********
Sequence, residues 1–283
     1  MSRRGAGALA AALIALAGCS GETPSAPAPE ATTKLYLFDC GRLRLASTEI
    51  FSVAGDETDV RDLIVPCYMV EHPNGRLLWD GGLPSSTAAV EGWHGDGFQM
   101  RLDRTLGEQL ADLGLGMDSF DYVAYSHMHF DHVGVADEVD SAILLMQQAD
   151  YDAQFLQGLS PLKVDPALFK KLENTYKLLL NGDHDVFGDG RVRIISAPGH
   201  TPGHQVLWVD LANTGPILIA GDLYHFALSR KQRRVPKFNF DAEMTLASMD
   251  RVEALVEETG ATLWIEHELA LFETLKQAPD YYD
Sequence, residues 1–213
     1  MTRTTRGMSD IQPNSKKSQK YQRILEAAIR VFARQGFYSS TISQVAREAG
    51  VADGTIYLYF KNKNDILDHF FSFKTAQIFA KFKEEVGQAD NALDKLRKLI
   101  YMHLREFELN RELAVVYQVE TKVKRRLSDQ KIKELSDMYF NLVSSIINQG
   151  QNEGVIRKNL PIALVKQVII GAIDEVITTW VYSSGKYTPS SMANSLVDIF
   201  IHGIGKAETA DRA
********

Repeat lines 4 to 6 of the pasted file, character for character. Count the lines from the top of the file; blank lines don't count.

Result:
   101  RLDRTLGEQL ADLGLGMDSF DYVAYSHMHF DHVGVADEVD SAILLMQQAD
   151  YDAQFLQGLS PLKVDPALFK KLENTYKLLL NGDHDVFGDG RVRIISAPGH
   201  TPGHQVLWVD LANTGPILIA GDLYHFALSR KQRRVPKFNF DAEMTLASMD